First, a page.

This is me, Eccles

This is me, Eccles
This is me, Eccles

Thursday, 18 April 2013

No gossip please!

Galilee, AD 32. The Man known as "Our Lord" has spoken out against the temptations to gossip: it is believed that He was referring particularly to recent work by those well-known religious bloggers Matthew, Mark, Luke and John.

Matthew the blogger

St Matthew the blogger, with another scoop.

Several news items first revealed in religious blogs are known to have irritated Our Lord. For example, St Matthew posted an in-depth investigation of His ancestry, tracing it back to King David - his blog post "Jesus the Toff" is considered to be in bad taste, challenging as it does Our Lord's claims to be born of quite humble origins, and certainly not as well-off as, say, Owen Jones.

Another gossipy post "What happened to the gold?" reveals that Our Lord's father accepted gifts from three wise men on His behalf, and promptly decamped to Egypt in order to avoid having to declare them on his tax return - ironically, he was only in Bethlehem for tax reasons in the first place.

The Magi Gang

The Magi Circle - is their loot now in an Egyptian bank vault?

St Luke the blogger is also known to have offended Our Lord, by tactlessly revealing details of the famous "Jerusalem" incident, when He was 12 years old and played truant. It was claimed that He was found three days later, asking questions of some mysterious "doctors" in the temple.

Even St John the blogger, who is generally regarded as being particularly close to Our Lord, has not scrupled to spread gossip about Him. Most recently, Our Lord has been accused of stealing a donkey and riding it into Jerusalem. Some people have also been shocked to learn that He washed His associates' feet. (It seems that He did not wash any women's feet, because it is generally considered unchivalrous to suggest that a woman's feet are dirty...)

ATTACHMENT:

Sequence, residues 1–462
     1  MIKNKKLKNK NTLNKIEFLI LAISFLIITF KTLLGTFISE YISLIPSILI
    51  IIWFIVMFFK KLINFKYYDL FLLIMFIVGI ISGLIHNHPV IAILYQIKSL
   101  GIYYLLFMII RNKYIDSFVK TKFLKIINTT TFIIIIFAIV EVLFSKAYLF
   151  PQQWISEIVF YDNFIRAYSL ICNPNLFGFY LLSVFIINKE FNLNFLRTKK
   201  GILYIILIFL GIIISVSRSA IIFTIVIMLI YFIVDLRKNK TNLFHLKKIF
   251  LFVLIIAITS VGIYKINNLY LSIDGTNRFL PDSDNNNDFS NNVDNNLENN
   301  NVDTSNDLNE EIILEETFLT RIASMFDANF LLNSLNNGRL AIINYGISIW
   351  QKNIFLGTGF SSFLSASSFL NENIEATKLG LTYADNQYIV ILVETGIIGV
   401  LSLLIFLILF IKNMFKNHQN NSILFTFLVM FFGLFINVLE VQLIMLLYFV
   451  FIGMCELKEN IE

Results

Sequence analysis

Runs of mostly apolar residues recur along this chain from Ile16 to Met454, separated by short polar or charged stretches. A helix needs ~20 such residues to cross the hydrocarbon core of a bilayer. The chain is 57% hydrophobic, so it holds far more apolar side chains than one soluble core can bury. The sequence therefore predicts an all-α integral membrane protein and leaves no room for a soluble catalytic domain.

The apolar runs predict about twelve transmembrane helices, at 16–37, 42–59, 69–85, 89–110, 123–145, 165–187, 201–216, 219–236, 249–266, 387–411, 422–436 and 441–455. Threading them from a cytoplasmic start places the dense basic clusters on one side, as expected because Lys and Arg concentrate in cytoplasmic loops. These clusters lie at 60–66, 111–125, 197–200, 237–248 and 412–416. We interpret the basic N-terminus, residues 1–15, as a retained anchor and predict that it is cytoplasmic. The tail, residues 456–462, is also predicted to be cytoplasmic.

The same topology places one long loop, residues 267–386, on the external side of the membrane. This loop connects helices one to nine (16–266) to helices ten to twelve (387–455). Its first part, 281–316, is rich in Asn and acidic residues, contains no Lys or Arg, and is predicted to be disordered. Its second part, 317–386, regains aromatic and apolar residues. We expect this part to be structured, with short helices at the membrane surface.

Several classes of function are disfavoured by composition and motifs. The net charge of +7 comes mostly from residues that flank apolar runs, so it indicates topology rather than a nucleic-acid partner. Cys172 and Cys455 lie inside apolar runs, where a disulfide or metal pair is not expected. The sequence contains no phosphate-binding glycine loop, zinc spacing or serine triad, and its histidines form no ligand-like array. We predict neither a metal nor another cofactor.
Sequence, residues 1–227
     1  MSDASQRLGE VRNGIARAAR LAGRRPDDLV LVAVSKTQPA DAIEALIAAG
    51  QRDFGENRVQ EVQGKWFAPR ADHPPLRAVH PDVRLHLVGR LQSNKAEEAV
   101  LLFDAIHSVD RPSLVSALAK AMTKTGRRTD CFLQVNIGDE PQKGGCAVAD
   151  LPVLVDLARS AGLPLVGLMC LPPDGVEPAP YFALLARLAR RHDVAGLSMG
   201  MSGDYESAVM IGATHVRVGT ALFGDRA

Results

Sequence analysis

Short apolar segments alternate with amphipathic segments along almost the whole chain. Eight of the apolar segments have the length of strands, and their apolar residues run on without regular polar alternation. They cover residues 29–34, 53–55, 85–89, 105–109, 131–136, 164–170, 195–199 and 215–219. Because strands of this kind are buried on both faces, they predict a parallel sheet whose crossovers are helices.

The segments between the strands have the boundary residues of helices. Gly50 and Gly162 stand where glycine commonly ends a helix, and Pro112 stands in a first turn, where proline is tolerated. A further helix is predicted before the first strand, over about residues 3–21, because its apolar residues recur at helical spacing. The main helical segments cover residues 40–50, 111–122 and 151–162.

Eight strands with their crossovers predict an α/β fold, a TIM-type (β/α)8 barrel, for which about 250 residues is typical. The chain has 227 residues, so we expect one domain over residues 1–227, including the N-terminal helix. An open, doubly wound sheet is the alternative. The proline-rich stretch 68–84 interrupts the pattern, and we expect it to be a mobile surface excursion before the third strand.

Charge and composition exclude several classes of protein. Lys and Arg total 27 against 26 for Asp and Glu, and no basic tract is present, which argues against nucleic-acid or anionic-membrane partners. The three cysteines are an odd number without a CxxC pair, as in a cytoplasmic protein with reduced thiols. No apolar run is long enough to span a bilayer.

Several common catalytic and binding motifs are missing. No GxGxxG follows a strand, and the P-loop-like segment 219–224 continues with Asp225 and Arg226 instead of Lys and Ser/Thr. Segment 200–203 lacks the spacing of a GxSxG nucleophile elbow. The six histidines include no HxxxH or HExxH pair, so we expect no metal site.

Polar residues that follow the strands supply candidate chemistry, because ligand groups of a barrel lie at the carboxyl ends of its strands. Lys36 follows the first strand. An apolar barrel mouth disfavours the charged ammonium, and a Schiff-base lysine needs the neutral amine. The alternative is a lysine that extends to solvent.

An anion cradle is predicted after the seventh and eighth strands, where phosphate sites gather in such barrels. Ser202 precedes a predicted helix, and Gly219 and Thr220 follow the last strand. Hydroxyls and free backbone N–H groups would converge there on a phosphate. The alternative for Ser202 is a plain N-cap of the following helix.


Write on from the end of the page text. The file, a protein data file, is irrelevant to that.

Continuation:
Stealing a donkey

Is this linked with the vandalism of a row of palm trees?

Other church leaders have repeated Our Lord's criticism of gossip. Most recently, Archbishop Judas Iscariot has preached a sermon condemning religious blogs. Some malicious bloggers have retaliated by suggesting that ++Judas has something to hide - for example, there are persistent rumours of dodgy financial transactions involving a sum of as much as 30 pieces of silver.


Two wealthy Arabs, in traditional costume, watch events with interest.

As St Mark, another leading blogger, put it, "Writing blogs is generally thought to be a sure way to get on the fast track to sainthood. But if it is going to be condemned at the highest level, then I may give it up, and take to travelling. I've always wanted to see Alexandria."


Alexandria: disillusioned bloggers visit the lighthouse.


  1. Absolutely correct of Chrestus the cannibal magician to discourage blogging by the faithful. I only trust sources that I know are official, from Rome - mainly Pliny the Younger, and Tacitus.

  2. St John's blog is most interesting as it shows the donkey rejecting and trampling the dress offered to it by the Jerusalem Lesbian Gay Bisexual and Transvestite society. This surely is proof that Our Lord did not ride into Jerusalem on a transvestite donkey.

  3. Does doubting ++Vin need to see it for himself first? Will he only believe when he's put his foot in it? Xx Jess

  4. I keep on hearing these stories about King Herod being a serial killer.

    Like most of you, I expect, I simply discard such hardliner traddy opinionating as the ravings of any pre-Vatican II Pope of your choice, including Pope Peter BTW.

  5. What, no mention of St. Paul - the uber-blogger of his time?

    Talk about complaints and gossip! Just ask the Corinthians…

    And he promoted blogging: “I would you were as me…blogging in perils of waters…in perils of robbers…in labor and painfulness…though rude in speech.”

    1. Ah well, Paul "swam the Jordan" a little later.

  6. So, Damain Thomson is right about The Magic Circle and the gold conspiracy.

  7. let alone St Lukes unprofessional activities making public things he must ve been told as a medical man about intimate personal details such as birth - gives Christian doctors a bad name